Ugly duckling wins the pagent

Jeff Stead/PrepsKC

By Steve Bubalo PrepsKC Senior Writer
Posted: September 16, 2016 - 11:04 PM



If you were to hear Rockhurst head coach Tony Severino evaluate the three phases of the game from his team after Friday night’s thrilling 26-20 win over Shawnee Mission East - the first game between the two teams since 1982 - the Hawklets walking off the field still undefeated at 5-0 would have seemed impossible.

“We were terrible on offense. Our defense gave up a lot of yards. The kicking game wasn’t good,” Severino said. “You figure it out.”

So in what was a rocking atmosphere that was reminiscent of a state championship game, what did go right for the Hawklets? 

Oh, yeah, turnovers.

Six of them to be exact. The Hawklets forced six Lancer turnovers - four fumbles and two interceptions - propelling them to another win.

“That’s the name of the game,” Severino said of the turnovers. “We have to play great defense. We don’t have a breakaway running back. We don’t have a big line. We have to get after it, throw a lot of guys at the ball. Somehow we got it done.”

The Rockhurst offense only seven first downs and had scoring drives of 3, 16, 46 and 17 yards. The Lancers had 22 first downs, and their defense forced four three-and-outs and one possession of four plays that ended with a turnover on downs for the Hawklet offense.

But Rockhurst took advantage just enough of those turnovers, scoring 23 of its 26 points off those Lancer mistakes.

“You can’t turn the ball over six times and win. You just can’t,” East head coach Dustin Delaney said. “It was still a good football game. The kids played hard. We kept making mistake after mistake, but we kept coming back.”

Indeed, East didn’t go quietly despite constantly shooting themselves in the foot. In fact, of its first four plays from scrimmage, two were turnovers and Rockhurst scored off both. Quarterback Chance May scored from 2 yards out on the first and Eric Angrisano kicked a 26-yard field goal after the second turnover. With a missed extra point on the touchdown, it was 9-0 before East had a first down.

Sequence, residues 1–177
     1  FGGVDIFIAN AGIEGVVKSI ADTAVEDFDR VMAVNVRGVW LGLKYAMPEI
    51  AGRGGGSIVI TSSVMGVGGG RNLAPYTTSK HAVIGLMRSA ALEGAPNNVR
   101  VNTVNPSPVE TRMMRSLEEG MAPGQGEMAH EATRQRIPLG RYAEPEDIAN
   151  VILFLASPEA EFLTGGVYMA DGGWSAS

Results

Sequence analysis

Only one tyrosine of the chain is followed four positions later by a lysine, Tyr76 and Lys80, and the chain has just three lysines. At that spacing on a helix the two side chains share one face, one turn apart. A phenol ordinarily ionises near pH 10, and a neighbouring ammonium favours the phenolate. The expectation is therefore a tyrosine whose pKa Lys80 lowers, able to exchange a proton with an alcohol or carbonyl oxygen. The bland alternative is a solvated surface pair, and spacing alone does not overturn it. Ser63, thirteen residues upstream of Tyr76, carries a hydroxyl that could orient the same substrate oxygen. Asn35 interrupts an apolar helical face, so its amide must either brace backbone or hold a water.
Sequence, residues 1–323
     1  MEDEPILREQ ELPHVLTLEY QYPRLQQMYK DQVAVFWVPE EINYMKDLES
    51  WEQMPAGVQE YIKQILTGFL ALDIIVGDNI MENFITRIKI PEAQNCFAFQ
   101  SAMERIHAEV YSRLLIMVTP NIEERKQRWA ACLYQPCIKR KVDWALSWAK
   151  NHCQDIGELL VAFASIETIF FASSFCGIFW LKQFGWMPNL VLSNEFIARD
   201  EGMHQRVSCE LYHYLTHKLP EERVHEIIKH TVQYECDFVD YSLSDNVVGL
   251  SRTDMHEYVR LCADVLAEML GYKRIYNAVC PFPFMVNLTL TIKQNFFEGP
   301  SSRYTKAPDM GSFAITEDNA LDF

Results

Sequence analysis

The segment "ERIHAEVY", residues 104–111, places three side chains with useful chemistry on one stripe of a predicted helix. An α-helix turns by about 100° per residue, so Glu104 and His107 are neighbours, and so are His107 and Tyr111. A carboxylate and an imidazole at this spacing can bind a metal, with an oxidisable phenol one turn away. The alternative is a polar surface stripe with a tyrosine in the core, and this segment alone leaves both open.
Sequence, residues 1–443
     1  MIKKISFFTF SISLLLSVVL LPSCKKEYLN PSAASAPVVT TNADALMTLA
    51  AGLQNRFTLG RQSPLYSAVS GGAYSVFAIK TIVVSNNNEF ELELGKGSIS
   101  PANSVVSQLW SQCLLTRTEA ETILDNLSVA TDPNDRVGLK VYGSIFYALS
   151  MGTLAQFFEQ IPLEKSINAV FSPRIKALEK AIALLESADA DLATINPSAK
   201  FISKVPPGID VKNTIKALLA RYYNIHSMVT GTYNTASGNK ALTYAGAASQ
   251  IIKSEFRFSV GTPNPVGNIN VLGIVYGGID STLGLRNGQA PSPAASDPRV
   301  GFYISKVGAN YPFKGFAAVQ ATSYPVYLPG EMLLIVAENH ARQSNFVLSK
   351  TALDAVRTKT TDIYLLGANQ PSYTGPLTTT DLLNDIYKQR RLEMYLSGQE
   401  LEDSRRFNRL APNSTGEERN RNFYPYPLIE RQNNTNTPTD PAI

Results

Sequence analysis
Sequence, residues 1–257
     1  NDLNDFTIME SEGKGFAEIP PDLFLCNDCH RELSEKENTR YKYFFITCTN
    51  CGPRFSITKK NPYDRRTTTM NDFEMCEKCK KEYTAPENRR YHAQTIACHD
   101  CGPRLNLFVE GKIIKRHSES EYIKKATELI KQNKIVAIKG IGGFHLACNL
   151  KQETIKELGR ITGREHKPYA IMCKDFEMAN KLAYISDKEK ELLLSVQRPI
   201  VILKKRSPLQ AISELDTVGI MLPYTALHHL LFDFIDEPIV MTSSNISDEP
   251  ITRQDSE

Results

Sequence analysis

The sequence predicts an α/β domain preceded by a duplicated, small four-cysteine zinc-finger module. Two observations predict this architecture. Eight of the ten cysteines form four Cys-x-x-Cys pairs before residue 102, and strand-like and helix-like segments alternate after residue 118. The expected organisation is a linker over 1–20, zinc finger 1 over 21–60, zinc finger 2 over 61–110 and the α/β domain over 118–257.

But East stormed right back, making it 9-7 on a 1-yard touchdown from Milton Brassch II. They appeared poised to take the lead on its next drive before quarterback Luke Kaiser was intercepted by Ross Elder who returned the pick 95 yards for a score and a 16-7 lead.

“That was big,” Rockhurst lineman Cameron Reller said. “It was all a team effort.”

But once again East responded and scored on a 43-yard touchdown pass from Kaiser to Trevor Thompson. Rockhurst would tack on another field goal before half to make it 19-14.

But the first four drives for East in the second half were more of the same - fumble, fumble, missed field goal, fumble. Those first two fumbles happened in Rockhurst territory, while the last one was deep in their own territory, which Rockhurst took advantage of. They needed to go just 17 yards in five plays and May snuck into the end zone from 2 yards out again for a 26-14 lead almost midway through the fourth quarter.

“They just kind of happened,” Reller said of the all the turnovers, saying the defense didn’t have any extra emphasis on trying to strip the ball free. “We had to play our keys. We know our defense is our strong suit. We had to play hard and play tough. We had to play with physicality.”

Added linebacker Ty Simsheuser, “We were flying to the ball.”

The Lancers made one last push. They got the ball with 3:32 left and scored in 19 seconds on a 34-yard pass to Zach Yeo. A blocked extra point made it 26-20. The ensuing onside kick was recovered by Rockhurst, but the Lancers defense forced another three-and-out, getting the ball back with 1:34 left.

They got two quick first downs but the drive eventually stalled on a fourth-and-5. The Lancers’ (2-1) run-heavy, triple-option offense did plenty of damage, but the Rockhurst defense did enough and got too many turnovers for East to overcome.

“We knew going in they were going to have long drives and take a lot of time off the clock,” Reller said. “We knew if we didn’t let them get in the end zone we’d get the W. As long as we didn’t break.”

In the end, Severino put it best.

“We win ugly, “ he said. “We did what we had to do to win.”